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The Three Cymbals That Every Drummer MUST HAVE

By Edited Feb 5, 2016 0 0

There are over 50 different types of cymbals that you can buy for your drum kit, and I have seen drum sets that are equipped with over 30 cymbals! Every cymbal has a unique use; however, there are only 3 cymbals that every drummer should have!

These cymbals are:

-Hi-hat

-Ride cymbal

-Crash cymbal

These 3 cymbals are included in almost all drum sets and are used while playing nearly every song!

I am not going to go in depth about explaining each cymbal; however, I will be briefly going over the sound, purpose, and size of each of them!

The Hi Hat-Used Most Frequently

You should really become fond with your hi-hat because it is the cymbal that you will be hitting most often!

A hi-hat is basically two cymbals that are attached to a pedal. Pressing down on the pedal clamps the two hi hat cymbals together and produces a very short and high pitched sound. On the other hand, releasing the pedal separates the two cymbals and produces a high pitched sound that lasts longer!

The hi-hat is generally hit with the drum stick in your right hand, and is played throughout the verses of songs!

It is the most important cymbal in a drummer’s kit, so you should really spend some money and get a high quality one!

I use a 14 inch Sabian XS hi-hat and would highly recommend it. It is REALLY durable and produces an amazing sound!  You can check out Amazon’s selection of Sabian Hi Hats!

The Ride Cymbal-Low Pitch And Long

The ride cymbal produces a lower pitched and longer sound than the hi-hat and is the second most important of the three.

Ride cymbals are generally used for the choruses of songs and are hit at the same frequency as the hi-hat! They are also generally hit with the drum stick that is in your right hand; the other hand will be used to hit the snare drum!

The sizes of ride cymbals greatly vary; however, I use the Sabian XS 20 inch model. (Check out the Sabian ride cymbals on Amazon)

You should be using the ride cymbal to change the sound of your drum beat; however, the time and tempo should remain the same when transferring from hitting the hi-hat to the ride cymbal!

If this is hard to understand, follow this example...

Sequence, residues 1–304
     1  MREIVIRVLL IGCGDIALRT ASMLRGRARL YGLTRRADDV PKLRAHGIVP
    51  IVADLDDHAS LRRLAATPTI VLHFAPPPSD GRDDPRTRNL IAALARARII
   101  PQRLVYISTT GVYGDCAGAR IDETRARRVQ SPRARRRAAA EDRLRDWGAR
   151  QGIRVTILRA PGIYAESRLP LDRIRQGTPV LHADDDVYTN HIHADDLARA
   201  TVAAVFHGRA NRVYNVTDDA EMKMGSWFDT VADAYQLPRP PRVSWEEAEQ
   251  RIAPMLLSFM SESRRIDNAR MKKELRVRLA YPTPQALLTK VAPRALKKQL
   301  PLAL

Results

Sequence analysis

Imagine that you are playing a drum beat that uses the hi-hat and snare drum. The beat should carry the same rhythm when you begin hitting the ride cymbal...the only thing that should change is the sound! Basically, the beats per minute should remain the same whether you’re playing the hi hat or ride cymbal!

Ride cymbals tend to crack easily since they are very big, so buying a cheap one probably won’t do you any good. 

The Crash Cymbal-One Hit Is All That You Need

The legendary crash cymbal is used to add some flavour and flare to the drum beat that you are playing. It is one of the most important cymbals; however, it is often overused!

The crash cymbal is not meant to be frequently hit; but rather, it is meant to be hit once or twice during each section of the song. For instance, you might hit the crash cymbal once upon entering the chorus of the song and once upon ending the chorus!

The majority of crash cymbals are 16 inches wide; however, you can choose to get ones that are slightly larger or smaller...whatever suits your taste!

I personally use the Sabian XS 16 inch crash cymbal, and it works wonders. It produces the perfect tone and is ridiculously durable. (Take a look at Amazon`s massive selection of Sabian crash cymbals)

Your crash cymbal should produce a tone that falls between the hi-hat and ride cymbal. However, you should note that the size and tone of a crash cymbal are correlated...larger cymbals produce lower notes and smaller cymbals produce higher notes!

The Placement Of These Three Important Cymbals

You can place the cymbals in whichever way that you want; however, I have managed to come up with a way that suits the preferences and needs of the majority of drummers!

Hi-Hat placement- I, as well as most drummers, like to place my hi-hat to the left of the snare drum. The hi-hat should be placed close to the snare drum because they are often played together!

Ride Cymbal placement- I have placed my ride cymbal directly to the right of the floor tom. This allows it to be easily accessed, while still being out of the way of the other drums!

Crash Cymbal placement- I usually place my crash cymbal slightly to the left of the ride cymbal. I think that this is the optimal placement because most drummers hit the crash cymbal immediately before or after playing on the ride cymbal so they should be close!

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